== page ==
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Compare paid-in-full car insurance discounts
Save up to 10% on your car insurance by paying up front.
With most car insurance providers, you can get a discount on your policy by paying the entire cost up front rather than making payments each month. Learn about the benefits of paying your policy in advance to help you get the best value on your coverage.
Our top pick: Progressive
Choose from a long list of discounts and coverage for almost any driver.
- Top-rated insurer with 80 years of experience
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- Multiple discounts available
- Transparent quoting
- Top-rated insurer
- Online quotes & claims
- Bundle and save
Compare car insurance providers with payment discounts
How do I get a paid-in-full discount?
When you break up your premium over six months or a year, your provider charges extra — typically around $10 a month — as a fee for processing multiple payments and updating your account. But by paying your premium in one lump sum, you’re eliminating those payment processing needs, saving your provider time and saving you money.
Paying in full at the start of your policy term demonstrates financial responsibility, which could lead to additional discounts or a more favorable insurance rate.
How much will I save by paying up front?
How much you stand to save will depend on which provider you go with and what level of coverage you’re purchasing. The average amount you can expect to save ranges from 8% to 15%. Here are a few of the top providers and the prepay discounts they offer.
- Allstate. Save up to 10% off your entire policy cost for paying up front for your Allstate coverage.
- Farmers. The Farmers Insurance website isn’t clear on how much you stand to save by paying your policy up front, but judging by industry averages, you could expect to save 8% to 10%.
- Progressive. Progressive gives you a break for paying your policy up front, though it isn’t specified on their website. Expect the industry standard of 8% to 10%.
Pros and cons of different payment frequencies
Paid up front
- Rate is locked in
- Discount or savings for paying in full
- Bill is taken care of for the year
- Have to budget for large payment at once
- Cash is no longer liquid
- Have to wait for refund if canceling mid-policy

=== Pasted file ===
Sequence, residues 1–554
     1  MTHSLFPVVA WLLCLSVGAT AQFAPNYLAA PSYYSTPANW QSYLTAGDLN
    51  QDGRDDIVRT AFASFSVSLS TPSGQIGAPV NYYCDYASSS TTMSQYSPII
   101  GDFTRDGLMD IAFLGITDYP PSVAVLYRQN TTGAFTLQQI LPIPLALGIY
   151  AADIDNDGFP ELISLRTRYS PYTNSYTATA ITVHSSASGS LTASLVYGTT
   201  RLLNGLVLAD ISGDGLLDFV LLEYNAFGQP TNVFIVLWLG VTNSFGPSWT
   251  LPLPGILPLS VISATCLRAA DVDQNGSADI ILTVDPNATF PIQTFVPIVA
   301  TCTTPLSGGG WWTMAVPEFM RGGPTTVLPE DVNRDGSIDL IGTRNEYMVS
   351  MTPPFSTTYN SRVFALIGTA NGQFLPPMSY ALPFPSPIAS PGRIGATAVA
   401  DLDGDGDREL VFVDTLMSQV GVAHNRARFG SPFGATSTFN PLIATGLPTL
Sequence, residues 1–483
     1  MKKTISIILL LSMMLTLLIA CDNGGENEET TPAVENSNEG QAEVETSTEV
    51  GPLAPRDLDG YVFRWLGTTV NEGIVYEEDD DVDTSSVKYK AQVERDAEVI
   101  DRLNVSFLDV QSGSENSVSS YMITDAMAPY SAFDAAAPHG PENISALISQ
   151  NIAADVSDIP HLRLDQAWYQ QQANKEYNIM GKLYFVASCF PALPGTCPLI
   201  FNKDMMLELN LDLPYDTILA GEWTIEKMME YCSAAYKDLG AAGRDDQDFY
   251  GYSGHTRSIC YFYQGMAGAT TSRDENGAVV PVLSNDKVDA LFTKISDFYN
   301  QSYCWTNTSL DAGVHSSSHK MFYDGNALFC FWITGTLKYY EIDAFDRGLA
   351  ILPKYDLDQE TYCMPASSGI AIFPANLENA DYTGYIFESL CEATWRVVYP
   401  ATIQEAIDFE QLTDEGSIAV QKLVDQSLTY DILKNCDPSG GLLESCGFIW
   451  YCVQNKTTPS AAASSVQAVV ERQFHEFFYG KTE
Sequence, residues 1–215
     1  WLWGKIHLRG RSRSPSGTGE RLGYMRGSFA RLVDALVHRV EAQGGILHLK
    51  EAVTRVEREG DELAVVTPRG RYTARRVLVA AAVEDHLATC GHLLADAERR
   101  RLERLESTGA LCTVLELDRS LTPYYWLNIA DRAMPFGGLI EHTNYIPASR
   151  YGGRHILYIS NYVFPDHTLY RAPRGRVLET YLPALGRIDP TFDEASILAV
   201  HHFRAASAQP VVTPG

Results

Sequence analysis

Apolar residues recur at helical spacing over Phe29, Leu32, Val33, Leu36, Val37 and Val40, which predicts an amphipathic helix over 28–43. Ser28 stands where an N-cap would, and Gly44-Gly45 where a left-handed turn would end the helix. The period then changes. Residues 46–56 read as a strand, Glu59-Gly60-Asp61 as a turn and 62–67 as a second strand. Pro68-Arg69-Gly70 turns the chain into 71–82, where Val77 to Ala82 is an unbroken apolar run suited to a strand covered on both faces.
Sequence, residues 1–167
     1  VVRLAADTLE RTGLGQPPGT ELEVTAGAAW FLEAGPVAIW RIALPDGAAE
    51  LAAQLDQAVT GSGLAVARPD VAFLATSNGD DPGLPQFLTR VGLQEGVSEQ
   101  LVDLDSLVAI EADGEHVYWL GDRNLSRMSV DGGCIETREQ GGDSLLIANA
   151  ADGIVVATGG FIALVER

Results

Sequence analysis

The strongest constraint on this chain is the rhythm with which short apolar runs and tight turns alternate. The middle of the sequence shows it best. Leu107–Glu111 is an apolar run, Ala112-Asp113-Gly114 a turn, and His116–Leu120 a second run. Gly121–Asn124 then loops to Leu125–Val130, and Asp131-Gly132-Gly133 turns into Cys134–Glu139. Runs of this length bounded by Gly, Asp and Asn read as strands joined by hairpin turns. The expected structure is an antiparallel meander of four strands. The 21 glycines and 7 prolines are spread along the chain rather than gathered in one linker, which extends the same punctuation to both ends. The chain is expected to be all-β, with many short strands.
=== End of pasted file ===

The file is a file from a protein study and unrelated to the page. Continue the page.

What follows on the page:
- Cash is available for other purposes
- Down payment usually required
- No rate lock
- Slightly higher rate
- Risk of missing payment without autopay
Pay as you drive
- Up front deposit often required
- Inconsistent for budgeting
When is paying up front worth it?
Should you really fork over hundreds of dollars at one time just to save a few dollars? That depends on your financial situation and what you’re prioritizing. If you’re trying to save money on your bills, paying your premium up front can save you in the long run — even if it’s only $50 to $150 a year.
However, if you can’t hand over hundreds of dollars up front, making smaller payments may be your only option. Sometimes, that convenience outweighs the overall savings.
Case study: Paying it forward
Jill is comparing car insurance quotes and sees she can save 10% on her bill with a paid-in-full discount. Instead of paying $1,000 total over 12 monthly payments of $83, she’ll pay $900 for her 12-month policy — which breaks down to $75 monthly payments.
She’ll pay about $8 less each month and save $100 over the year. Since she can afford to pay her whole bill at the beginning of the policy term, she opts to switch to a one-time, up-front payment to get the discount.
What other discounts should I look for?
If you don’t want to pay a large bill all at once, you may be able to find equivalent savings through other discounts:
- Good student discount. If you’re a full-time student with a GPA above 3.0, you likely qualify for a break on your auto insurance in the range of 10% to 15%. Most providers have conditions and stipulations about age and full-time status, but you won’t know until you check with your insurer.
- Military discount. Whether you’re active service, in the reserves or a veteran, most major providers will give you a discount between 5% to 10% for your service to our country.
- Occupational discount. Do you work in education, health care, for the government or for a nonprofit? If so, dropping your employer’s name or the names of professional organizations you’re affiliated with could net you a discount between 5% to 15%.
- No claims discount. If you’re a safe driver and haven’t filed any claims in three years or more, you probably qualify for a break on your premiums or a reduced deductible.
- Hybrid discount. Some providers offer a break of 5% to 10% if you drive a car that’s a hybrid or fully electric. You could also get a discount if your vehicle has extremely good fuel economy, or if it’s rated to a certain level for low emissions.
If you can afford to pay your entire premium for the year, you stand to save on car insurance if your provider offers a paid-in-full discount.
Research and compare car insurance — including provider and policy options — to find the best deal for you.
Common questions about paid-in-full discounts
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